The Fed has pissed off the FDIC with this doozy.

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bluemele View Post
Not to sound over-dramatic, but do you really see that happening? In an election year no less!

I have lost faith in our government to force any pill swallowing. It is all bury your head and see where you come up later!

I guess the better question is why would BAC do such a dramatic move? I can definitely see things falling apart and the government will feel they have to do some sort of bailout in an attempt to save their votes. So because it's an election year, yes. Do I really see this happening? It's very possible. The derivatives market will blow up, it's just a matter of when. No one saw Lehman or Bear but by watching their stock price and CDS it was obvious what was happening. BAC's stock is still hovering at it's low while it's CDS is the highest of the TBTF's I believe. Those are just my observations of course.

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I guess the better question is why would BAC do such a dramatic move? I can definitely see things falling apart and the government will feel they have to do some sort of bailout in an attempt to save their votes. So because it's an election year, yes. Do I really see this happening? It's very possible. The derivatives market will blow up, it's just a matter of when. No one saw Lehman or Bear but by watching their stock price and CDS it was obvious what was happening. BAC's stock is still hovering at it's low while it's CDS is the highest of the TBTF's I believe. Those are just my observations of course.

Why will the derivatives market blow up? What is a given? I guess I don't understand why this is a foregone conclusion?

Which derivatives , specially CDS? Or the CMBS, RMBS packages are taking them down or what? I guess I don't watch the news so... Please explain why it is a given that these CDS or whatever are going to come due. Not saying I don't believe you, but just curious.

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bluemele View Post
Why will the derivatives market blow up? What is a given? I guess I don't understand why this is a foregone conclusion?

Which derivatives , specially CDS? Or the CMBS, RMBS packages are taking them down or what? I guess I don't watch the news so... Please explain why it is a given that these CDS or whatever are going to come due. Not saying I don't believe you, but just curious.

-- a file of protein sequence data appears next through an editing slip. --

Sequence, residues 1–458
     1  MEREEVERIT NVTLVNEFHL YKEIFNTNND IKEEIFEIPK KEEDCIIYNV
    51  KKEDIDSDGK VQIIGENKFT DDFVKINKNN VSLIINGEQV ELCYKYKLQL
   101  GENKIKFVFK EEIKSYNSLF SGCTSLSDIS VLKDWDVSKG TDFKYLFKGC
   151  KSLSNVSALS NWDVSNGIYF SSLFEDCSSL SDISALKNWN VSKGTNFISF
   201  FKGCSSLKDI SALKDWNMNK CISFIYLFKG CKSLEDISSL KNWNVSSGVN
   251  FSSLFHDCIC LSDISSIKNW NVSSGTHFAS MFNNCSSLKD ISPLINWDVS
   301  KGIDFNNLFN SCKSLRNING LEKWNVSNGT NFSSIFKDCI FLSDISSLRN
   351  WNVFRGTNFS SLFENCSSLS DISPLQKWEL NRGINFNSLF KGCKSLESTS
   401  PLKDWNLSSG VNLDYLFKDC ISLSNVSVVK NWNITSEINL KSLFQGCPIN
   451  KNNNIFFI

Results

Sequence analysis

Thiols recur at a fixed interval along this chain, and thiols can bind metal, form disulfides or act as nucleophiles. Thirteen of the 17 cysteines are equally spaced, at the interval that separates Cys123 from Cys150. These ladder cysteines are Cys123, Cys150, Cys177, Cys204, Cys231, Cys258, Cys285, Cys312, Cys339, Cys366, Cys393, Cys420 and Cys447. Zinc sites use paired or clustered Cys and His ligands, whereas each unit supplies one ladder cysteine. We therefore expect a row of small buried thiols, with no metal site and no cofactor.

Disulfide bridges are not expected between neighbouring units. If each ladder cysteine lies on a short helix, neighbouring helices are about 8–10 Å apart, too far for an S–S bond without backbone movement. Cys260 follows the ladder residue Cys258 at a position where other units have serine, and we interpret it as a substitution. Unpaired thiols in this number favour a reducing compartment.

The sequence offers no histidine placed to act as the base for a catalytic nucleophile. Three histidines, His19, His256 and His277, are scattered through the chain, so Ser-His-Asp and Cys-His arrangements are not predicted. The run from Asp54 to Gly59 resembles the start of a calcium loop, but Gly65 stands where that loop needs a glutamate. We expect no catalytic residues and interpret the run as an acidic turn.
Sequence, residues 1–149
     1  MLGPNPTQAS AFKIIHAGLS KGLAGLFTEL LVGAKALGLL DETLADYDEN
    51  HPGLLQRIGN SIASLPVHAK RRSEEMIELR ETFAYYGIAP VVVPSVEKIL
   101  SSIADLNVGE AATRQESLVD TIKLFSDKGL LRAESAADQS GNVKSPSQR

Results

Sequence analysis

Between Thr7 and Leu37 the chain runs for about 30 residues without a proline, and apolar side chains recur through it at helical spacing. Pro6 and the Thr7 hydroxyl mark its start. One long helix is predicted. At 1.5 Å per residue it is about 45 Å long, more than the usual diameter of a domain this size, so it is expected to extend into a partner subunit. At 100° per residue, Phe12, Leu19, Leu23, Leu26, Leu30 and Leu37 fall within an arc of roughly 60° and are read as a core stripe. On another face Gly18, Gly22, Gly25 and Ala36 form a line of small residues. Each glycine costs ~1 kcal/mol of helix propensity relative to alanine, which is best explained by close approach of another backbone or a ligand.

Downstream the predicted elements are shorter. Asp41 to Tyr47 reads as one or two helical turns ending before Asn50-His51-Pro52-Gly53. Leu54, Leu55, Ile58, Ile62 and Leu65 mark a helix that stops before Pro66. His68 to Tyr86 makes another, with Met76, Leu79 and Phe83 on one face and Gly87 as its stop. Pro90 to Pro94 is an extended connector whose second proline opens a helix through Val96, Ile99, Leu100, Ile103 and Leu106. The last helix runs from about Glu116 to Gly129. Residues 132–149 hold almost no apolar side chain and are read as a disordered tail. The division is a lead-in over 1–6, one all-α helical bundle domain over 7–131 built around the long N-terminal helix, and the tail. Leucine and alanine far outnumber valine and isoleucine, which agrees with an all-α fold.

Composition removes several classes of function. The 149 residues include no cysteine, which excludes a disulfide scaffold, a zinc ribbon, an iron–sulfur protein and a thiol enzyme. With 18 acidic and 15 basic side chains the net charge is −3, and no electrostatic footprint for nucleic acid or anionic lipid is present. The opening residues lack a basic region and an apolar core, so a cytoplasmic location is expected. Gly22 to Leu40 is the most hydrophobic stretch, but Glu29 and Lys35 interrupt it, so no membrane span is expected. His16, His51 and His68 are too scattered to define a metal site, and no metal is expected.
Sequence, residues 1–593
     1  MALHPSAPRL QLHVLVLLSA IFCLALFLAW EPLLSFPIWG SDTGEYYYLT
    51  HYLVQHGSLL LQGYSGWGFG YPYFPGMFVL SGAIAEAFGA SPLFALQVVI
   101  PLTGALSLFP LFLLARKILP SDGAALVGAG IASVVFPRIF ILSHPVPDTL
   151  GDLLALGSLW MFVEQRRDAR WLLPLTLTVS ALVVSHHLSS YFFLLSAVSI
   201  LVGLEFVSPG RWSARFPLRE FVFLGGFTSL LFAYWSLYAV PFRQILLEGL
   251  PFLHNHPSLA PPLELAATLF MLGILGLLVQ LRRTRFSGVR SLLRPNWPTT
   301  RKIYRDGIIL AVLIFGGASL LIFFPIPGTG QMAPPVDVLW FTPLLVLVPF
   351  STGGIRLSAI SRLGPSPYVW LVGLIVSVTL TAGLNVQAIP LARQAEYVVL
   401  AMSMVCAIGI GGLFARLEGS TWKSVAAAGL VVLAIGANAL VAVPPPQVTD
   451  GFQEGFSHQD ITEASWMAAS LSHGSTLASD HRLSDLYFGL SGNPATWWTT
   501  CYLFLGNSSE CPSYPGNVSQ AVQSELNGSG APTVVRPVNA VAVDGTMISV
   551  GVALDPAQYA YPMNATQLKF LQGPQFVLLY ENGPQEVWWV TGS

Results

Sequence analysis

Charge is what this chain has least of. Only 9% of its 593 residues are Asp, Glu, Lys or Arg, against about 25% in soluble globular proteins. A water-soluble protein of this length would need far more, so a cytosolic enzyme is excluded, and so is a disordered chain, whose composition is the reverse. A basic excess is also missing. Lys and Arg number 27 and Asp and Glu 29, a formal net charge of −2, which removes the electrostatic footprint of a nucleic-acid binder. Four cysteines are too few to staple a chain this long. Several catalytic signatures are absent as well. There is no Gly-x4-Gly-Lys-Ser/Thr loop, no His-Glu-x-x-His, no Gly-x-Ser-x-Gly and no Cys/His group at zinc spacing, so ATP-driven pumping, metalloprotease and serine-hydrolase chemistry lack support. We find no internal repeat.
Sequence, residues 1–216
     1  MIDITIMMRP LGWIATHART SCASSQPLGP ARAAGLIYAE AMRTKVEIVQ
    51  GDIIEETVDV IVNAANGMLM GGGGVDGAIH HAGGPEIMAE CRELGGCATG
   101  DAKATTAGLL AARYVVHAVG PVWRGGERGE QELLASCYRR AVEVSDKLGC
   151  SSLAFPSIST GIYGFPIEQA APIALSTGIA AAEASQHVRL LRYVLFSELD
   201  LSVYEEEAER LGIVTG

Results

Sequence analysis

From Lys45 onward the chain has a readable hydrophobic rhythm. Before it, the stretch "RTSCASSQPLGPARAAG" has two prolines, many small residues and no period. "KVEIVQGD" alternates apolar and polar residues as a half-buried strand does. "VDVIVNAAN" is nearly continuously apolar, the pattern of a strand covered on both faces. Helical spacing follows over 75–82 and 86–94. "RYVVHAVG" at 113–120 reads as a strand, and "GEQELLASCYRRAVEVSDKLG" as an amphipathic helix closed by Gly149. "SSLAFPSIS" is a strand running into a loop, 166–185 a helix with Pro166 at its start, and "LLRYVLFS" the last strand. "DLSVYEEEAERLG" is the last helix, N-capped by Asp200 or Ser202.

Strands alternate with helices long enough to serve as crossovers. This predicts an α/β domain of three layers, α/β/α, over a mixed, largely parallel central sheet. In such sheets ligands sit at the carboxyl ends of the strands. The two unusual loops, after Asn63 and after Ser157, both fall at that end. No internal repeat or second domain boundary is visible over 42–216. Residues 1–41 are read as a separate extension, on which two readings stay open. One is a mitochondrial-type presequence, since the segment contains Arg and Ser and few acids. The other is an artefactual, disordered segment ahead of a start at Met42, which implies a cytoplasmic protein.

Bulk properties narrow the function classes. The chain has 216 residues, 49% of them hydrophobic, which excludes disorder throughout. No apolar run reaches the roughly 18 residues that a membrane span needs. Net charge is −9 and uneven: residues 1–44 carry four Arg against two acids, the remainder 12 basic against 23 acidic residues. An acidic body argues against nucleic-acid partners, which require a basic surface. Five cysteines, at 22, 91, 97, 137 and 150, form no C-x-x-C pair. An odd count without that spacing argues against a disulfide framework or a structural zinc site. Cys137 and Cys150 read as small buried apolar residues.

No worries, I'm very selective with what news sources I read as well. The derivatives in which I'm referring to are Collateralized Debt Obligation (CDO's), and Credit Linked Notes (CLN's) which are cash settled via Credit Default Swaps (CDS). CDO's and CLN's are packed RMBS and CMBS along with other Asset Backed Securities (ABS) that placed into multiple tranches based on credit quality, etc. within each CDO/CLN. CDS serve as insurance against a default in these securities such as missing a payment, etc. The issue arises when money has to change hands. Does the insurer have the funds to cover this giant market? Think of a put buyer and a put seller. Remember AIG? It's obviously a lot more complicated than what I've explained here but that's the gist of it.

So I think these will blow up because of the growing default/credit risk with the further deterioration of the bank's balance sheets. As bank's balance sheets deteriorate there capital is crunched yet they still have far more outlying obligations than what they claim on there balance sheets via CDS exposure. If there is a massive credit event (loan defaults within CDO's/CLN's) an undercapitalized bank will be required to settle a CDS, they most likely won't be able to meet those obligations. It's essentially one big domino effect. Case in point the banks in Europe right now and there need to be recapitalized. I can guarantee US banks have CDS exposure to the EU banks. It just takes one catalyst event.

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No worries, I'm very selective with what news sources I read as well. The derivatives in which I'm referring to are Collateralized Debt Obligation (CDO's), and Credit Linked Notes (CLN's) which are cash settled via Credit Default Swaps (CDS). CDO's and CLN's are packed RMBS and CMBS along with other Asset Backed Securities (ABS) that placed into multiple tranches based on credit quality, etc. within each CDO/CLN. CDS serve as insurance against a default in these securities such as missing a payment, etc. The issue arises when money has to change hands. Does the insurer have the funds to cover this giant market? Think of a put buyer and a put seller. Remember AIG? It's obviously a lot more complicated than what I've explained here but that's the gist of it.